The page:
Profitable Linear-Motion Design

Submitted by John Brokaw and Kent Martins || Valin Corp.
on Thu, 07/12/2018
Engineers building linear-motion systems can use ground-up DIY approaches or purchase complete turnkey solutions. Here we explain where each tactic is most profitable.

How should designers pick between building linear-motion designs in-house or purchasing pre-engineered assemblies? What is there to consider when determining the best design approach? The answers to all these questions all begin and end with the details of the engineering process and the machine for which an assembly is being designed. All approaches to linear-motion builds have advantages and disadvantages – and so (as with most engineering) incur design tradeoffs.

Planning ahead with realistic budgeting and looking at the long-term functions of a machine can provide machine builders and end users with the most profitable setup.


There’s no overarching best method for designing a linear-motion system. What’s best for a machine user depends on their process, operations timeline, and available manpower.

Ballscrews and linear guides

DIY Linear-Motion Solutions From Scratch

Complete customization can be perfect for some plant operators and a nightmare for others. What are the benefits? Well, the DIY approach of a linear motion design offers the option to customize almost every detail of a machine. Designers can tailor components to the exact needs of the end process because they are basically creating the system from scratch.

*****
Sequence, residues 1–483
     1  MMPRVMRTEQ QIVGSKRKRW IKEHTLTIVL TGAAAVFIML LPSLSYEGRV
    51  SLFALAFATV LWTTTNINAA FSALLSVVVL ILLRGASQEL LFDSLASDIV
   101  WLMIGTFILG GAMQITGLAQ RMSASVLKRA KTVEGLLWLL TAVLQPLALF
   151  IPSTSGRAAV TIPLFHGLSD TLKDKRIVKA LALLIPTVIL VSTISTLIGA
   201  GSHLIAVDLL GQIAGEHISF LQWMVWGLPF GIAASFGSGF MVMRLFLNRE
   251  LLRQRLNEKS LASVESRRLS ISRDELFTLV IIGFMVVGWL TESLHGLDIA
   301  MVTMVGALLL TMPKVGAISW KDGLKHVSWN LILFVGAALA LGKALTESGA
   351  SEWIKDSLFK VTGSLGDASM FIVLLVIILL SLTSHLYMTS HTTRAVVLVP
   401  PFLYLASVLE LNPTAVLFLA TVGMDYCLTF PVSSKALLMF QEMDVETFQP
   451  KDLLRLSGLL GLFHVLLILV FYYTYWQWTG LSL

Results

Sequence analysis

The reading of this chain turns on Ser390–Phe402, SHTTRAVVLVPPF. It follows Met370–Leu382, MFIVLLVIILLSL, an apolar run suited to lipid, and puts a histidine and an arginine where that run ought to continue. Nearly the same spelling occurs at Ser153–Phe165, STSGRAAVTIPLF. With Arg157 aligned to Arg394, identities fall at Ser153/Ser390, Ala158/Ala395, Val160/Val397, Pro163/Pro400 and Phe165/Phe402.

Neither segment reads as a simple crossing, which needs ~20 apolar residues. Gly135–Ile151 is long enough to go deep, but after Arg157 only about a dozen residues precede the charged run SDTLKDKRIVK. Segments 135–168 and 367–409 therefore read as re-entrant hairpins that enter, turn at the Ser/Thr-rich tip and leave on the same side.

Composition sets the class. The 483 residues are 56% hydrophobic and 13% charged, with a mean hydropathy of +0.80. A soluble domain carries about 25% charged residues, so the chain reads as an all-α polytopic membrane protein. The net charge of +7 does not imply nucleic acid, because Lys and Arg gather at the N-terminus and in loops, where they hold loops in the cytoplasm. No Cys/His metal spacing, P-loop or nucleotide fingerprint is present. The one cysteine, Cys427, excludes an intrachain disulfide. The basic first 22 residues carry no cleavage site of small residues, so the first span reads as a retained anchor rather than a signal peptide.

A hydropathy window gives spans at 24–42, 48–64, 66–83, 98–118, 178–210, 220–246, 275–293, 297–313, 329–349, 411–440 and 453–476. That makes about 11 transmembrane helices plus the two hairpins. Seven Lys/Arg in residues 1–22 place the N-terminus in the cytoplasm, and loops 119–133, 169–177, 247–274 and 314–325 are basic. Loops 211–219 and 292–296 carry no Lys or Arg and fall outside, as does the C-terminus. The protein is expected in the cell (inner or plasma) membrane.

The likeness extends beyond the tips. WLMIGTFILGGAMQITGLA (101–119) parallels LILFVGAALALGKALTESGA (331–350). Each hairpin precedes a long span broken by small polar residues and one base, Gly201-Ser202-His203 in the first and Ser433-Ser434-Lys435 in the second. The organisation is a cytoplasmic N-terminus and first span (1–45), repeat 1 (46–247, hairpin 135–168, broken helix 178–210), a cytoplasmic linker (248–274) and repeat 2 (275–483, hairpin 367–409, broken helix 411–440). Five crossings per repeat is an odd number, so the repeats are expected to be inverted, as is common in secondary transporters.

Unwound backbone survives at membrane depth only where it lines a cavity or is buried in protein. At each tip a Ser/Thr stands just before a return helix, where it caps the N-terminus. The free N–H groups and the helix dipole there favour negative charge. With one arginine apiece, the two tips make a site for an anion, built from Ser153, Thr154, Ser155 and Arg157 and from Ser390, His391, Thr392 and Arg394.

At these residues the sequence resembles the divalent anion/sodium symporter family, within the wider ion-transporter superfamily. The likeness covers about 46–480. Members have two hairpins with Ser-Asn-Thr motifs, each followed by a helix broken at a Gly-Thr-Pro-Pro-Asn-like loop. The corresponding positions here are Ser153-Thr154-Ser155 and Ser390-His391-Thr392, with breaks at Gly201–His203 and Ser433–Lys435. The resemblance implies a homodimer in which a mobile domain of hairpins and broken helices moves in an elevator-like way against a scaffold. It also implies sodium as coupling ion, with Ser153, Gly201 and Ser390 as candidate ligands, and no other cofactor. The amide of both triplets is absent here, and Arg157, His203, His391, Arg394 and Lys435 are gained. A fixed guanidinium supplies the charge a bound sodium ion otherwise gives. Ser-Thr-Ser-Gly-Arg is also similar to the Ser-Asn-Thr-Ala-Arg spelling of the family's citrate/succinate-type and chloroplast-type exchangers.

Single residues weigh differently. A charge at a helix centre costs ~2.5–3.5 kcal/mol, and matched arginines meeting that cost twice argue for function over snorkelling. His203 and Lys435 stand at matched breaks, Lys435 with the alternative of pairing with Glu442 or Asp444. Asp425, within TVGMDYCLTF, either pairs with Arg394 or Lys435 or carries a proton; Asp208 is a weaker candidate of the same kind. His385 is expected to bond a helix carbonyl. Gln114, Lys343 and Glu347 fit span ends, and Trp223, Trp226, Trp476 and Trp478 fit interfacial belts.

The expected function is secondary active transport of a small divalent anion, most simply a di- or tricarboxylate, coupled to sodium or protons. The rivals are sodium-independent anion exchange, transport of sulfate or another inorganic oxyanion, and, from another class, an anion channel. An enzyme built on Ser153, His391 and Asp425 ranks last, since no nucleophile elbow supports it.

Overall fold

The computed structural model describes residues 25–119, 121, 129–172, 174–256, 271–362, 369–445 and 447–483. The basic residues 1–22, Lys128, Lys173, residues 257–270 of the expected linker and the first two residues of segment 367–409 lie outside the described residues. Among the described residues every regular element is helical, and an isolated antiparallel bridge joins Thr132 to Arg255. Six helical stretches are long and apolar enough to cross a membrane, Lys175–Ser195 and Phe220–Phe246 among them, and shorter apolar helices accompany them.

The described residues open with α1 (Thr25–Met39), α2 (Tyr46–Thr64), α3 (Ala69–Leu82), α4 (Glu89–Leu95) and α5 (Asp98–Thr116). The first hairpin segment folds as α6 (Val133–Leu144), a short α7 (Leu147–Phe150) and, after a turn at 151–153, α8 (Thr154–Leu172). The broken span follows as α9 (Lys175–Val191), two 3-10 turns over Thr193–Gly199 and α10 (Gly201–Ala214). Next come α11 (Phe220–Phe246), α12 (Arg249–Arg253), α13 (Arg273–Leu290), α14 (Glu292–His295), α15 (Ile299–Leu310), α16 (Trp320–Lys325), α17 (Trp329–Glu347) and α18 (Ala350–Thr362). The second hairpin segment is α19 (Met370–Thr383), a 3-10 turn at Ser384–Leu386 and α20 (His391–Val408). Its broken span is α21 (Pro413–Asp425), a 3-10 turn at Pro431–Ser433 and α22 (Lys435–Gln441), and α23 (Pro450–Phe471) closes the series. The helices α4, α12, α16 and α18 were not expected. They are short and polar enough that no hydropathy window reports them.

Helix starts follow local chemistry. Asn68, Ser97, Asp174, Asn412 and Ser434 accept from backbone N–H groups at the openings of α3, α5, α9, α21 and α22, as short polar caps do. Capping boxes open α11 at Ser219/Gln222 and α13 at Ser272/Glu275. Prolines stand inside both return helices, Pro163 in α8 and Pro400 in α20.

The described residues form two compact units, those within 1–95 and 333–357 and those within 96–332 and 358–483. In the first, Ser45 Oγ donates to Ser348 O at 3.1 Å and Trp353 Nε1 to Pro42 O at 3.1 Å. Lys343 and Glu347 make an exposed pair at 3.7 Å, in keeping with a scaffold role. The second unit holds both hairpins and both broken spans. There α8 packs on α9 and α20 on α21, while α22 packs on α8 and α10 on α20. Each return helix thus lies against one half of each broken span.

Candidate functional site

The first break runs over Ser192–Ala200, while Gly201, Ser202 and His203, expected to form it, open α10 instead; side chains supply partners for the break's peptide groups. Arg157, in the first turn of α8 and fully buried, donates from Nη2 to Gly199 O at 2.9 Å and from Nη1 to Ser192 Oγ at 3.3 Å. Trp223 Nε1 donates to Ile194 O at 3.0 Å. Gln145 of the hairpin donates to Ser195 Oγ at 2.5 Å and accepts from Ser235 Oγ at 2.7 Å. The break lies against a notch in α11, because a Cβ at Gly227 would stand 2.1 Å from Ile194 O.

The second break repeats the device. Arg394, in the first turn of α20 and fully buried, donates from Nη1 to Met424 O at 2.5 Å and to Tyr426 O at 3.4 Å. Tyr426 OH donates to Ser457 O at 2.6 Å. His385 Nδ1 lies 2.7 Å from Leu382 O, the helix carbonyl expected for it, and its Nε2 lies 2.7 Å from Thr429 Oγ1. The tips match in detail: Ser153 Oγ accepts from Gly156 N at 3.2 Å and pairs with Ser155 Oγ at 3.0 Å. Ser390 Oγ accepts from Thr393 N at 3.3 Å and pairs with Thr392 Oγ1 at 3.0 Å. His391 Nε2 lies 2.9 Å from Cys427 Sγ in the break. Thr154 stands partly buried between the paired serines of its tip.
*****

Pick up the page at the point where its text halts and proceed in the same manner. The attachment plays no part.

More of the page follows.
But if this sounds like an expensive design approach that requires a decent amount of time to complete, it is. One advantage of DIY motion design is maximizing labor on the backend … But even here, a plant must ensure it has the engineering power to execute.

Having engineering talent in-house is key for the DIY build approach because of the cost of labor and time it takes to create the system. Hiring out non-recurring engineering to complete the job is an option, but it comes with risks. When using an outside engineering source, the level of control over the design can be slightly diminished. Outsourcing can also create issues down the line if a motion design must be modified but the outside engineering team originally hired is suddenly unavailable.

What’s more, it’s difficult to replicate previous designs that weren’t created in-house. To what kind of process would this level of customization apply? It really depends on the size of production of the machine’s end use. DIY linear-motion builds excel when they’re destined for machines that will be mass produced, or if the market place doesn’t offer a setup to satisfy the end-use requirements.

For machines to be mass produced, OEMs can realize some economies of scale by buying only components they need in volume. Sometimes OEMs can also buy components that are less costly than purchased motion systems that exceed end-use needs. Where the marketplace doesn’t offer a motion design to meet end-use requirements, sometimes the optimal choice is a one-off solution. For example, a custom linear actuator might help meet accuracy and precision requirements or dimensional and environmental parameters. In fact, customization is a major factor when considering DIY linear-motion builds.


Hybrid Linear Designs for the Best of Both Worlds

For design engineers looking to drive moderate to minimal system customization, the hybrid engineering approach is the best course of action. Hybrid setups are exactly what they sound like – a little bit of DIY paired with a complete setup. Pre-engineered setups make it easy to mix and match parts of the system without requiring unworkable engineering effort to create and execute the design.